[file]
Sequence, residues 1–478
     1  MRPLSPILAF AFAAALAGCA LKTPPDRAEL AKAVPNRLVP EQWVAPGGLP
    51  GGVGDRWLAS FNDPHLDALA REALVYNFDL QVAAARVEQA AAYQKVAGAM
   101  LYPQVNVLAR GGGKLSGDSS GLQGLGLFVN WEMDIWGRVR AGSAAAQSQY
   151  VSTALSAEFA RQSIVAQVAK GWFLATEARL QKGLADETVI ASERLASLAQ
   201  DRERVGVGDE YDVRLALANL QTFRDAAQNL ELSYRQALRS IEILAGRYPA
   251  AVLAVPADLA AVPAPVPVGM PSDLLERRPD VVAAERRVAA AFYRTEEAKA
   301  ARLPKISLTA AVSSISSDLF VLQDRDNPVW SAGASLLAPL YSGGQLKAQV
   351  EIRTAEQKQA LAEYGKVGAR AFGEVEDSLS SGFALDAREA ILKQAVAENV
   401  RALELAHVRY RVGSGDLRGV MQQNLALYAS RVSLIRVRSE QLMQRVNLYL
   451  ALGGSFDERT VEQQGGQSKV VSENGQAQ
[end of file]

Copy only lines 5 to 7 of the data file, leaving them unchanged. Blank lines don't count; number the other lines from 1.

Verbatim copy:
   151  VSTALSAEFA RQSIVAQVAK GWFLATEARL QKGLADETVI ASERLASLAQ
   201  DRERVGVGDE YDVRLALANL QTFRDAAQNL ELSYRQALRS IEILAGRYPA
   251  AVLAVPADLA AVPAPVPVGM PSDLLERRPD VVAAERRVAA AFYRTEEAKA